Christmas is approaching and for every employer the same old question raises its ugly head; when is the Christmas party? Inevitably once that question is answered hundreds more will follow; what is the budget? should we charge? who will attend? what can we do instead?
It should be recognised that whilst Christmas parties may be seen by most as a “right” (I will leave you to decide whether express or implied) a free booze-up is not the only way to demonstrate festive cheer and gratitude for employees efforts that year.
So what is the answer I hear you cry? Well why not be different? Consider whether the budget could be used to hold an employee raffle every Friday on the run up to Christmas with chances of winning gift vouchers; money always comes in handy at this time of year. Not enough? Give some time back to the community; teams could take an afternoon off to reach out to those more in need. Contact your local charities such as domestic abuse shelters or fostering homes and create a Grotto for their own Christmas party. Why not try an alternative alcohol free activity which would appeal to all ages, genders and roles within the business. After all Christmas is a Christian celebration and so be mindful that not everyone may want to participate.
If you are holding a more “traditional” Christmas party then our top tip would to be ensure everyone’s expectations are set early and most importantly….keep a tight hold on the tab behind the bar! (According to ACAS drink-fuelled behaviour is the root cause of many tribunal claims). Try not to start things off too early and consider combining drinks with plenty of food and other activities to prevent the endless queue at the bar. Why not have a 3 course meal, a Christmas Quiz or other form of entertainment such as a band, magician or charity auction. And most importantly, insofar as it is possible, endeavour to have representation at the party from all areas of the business. It will only leave a bitter taste in the mouths of the more junior employees if they do not see senior members joining in; even if it is just for the first few hours. More often than not presence will demonstrate gratitude and appreciation more than money.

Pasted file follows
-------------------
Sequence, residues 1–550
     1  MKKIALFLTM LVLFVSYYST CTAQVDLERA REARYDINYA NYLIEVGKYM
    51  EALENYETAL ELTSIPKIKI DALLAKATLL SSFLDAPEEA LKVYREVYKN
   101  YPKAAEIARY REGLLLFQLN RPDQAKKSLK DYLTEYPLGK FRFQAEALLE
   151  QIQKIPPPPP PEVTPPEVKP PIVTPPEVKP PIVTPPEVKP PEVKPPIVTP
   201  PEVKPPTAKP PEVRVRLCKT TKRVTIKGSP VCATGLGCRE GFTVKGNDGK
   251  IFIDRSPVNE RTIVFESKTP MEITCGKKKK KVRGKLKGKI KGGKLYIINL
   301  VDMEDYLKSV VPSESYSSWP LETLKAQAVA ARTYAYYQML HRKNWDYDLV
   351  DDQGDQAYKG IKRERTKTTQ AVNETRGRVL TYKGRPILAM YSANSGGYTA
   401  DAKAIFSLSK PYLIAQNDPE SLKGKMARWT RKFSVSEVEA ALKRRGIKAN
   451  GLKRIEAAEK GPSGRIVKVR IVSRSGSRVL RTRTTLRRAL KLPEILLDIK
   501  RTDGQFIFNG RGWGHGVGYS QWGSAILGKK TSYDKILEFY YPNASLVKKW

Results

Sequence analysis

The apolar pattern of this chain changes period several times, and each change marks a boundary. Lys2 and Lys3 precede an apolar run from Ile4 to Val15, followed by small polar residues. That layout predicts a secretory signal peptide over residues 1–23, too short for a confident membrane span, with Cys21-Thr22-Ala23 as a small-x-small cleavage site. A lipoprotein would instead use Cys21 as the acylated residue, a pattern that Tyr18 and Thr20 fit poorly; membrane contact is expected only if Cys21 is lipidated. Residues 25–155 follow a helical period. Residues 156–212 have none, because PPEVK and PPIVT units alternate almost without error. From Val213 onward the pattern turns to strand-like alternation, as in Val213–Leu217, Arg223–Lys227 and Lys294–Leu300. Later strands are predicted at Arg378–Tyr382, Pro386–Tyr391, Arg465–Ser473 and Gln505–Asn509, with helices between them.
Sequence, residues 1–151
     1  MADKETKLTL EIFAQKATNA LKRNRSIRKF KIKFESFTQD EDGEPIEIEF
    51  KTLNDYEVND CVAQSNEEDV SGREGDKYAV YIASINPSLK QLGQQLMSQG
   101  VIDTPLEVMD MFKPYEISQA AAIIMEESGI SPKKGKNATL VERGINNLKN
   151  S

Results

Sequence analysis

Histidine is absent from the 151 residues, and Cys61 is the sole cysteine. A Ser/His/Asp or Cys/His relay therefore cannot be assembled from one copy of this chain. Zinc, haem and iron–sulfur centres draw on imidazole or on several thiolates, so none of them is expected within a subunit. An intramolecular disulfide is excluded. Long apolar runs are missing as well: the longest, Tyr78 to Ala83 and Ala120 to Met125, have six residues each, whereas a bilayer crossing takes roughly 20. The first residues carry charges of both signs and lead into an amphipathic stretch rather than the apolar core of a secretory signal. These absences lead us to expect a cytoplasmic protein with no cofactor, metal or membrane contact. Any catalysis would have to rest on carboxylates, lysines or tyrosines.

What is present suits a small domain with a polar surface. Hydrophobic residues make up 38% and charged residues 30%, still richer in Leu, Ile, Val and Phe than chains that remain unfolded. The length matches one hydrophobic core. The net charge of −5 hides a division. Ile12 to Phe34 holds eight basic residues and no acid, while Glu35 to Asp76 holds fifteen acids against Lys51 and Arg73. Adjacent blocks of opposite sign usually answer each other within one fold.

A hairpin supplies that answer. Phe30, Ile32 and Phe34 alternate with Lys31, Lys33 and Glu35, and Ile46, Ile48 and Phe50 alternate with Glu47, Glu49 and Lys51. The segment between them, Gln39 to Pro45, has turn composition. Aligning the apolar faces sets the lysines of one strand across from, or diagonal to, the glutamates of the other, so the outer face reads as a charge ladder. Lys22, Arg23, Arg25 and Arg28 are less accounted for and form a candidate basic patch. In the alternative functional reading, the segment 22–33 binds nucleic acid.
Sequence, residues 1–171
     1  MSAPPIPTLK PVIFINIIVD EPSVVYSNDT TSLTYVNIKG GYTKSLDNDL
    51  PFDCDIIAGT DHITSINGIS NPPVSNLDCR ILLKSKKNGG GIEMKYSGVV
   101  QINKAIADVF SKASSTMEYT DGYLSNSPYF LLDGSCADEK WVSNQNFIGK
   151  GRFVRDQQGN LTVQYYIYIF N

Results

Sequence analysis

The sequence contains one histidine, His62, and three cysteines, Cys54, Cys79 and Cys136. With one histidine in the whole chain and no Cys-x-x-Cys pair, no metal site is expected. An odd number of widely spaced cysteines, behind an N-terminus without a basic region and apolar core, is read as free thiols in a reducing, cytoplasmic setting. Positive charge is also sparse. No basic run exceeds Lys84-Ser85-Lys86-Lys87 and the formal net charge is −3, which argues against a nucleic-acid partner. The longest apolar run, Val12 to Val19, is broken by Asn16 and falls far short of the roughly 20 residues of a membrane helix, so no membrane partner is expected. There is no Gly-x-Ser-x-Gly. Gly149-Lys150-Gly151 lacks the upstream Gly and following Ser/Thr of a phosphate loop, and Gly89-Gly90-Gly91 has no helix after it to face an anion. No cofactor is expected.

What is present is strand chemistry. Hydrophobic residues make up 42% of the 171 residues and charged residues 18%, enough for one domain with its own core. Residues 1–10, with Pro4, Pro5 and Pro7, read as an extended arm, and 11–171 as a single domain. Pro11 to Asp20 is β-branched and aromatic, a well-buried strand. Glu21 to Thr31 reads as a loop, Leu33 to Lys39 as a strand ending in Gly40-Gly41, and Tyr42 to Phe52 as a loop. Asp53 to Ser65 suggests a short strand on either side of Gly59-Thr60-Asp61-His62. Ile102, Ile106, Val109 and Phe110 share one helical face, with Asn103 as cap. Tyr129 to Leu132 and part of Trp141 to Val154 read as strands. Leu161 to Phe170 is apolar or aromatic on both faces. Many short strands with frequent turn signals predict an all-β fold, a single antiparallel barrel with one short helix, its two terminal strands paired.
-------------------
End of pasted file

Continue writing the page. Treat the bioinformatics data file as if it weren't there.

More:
Whichever decision you make please remember a Christmas Party is a work-related activity and comes wrapped up with all the same employment law issues you could be faced with on any other ordinary day. Employees may want to let their hair down but it is important they remember that company policies don’t disappear into thin air when the clock strikes five. Whilst we’re not suggesting you re-issue a copy of the company policy upon arrival to the party, gentle reminders on the lead up to the event are recommended. The last thing anyone wants to face the-morning-after-the-night-before is any potential claims for harassment, discrimination or alcohol-fuelled assault. And finally, you may wish to consider how your employees will be heading home after the event. Smaller companies could consider contributing towards taxi fares, or if you have the budget left over liaise with a local taxi company and subsidise a discounted fare for your employees.
We at the DWF Employment team wish you all a happy and safe festive season.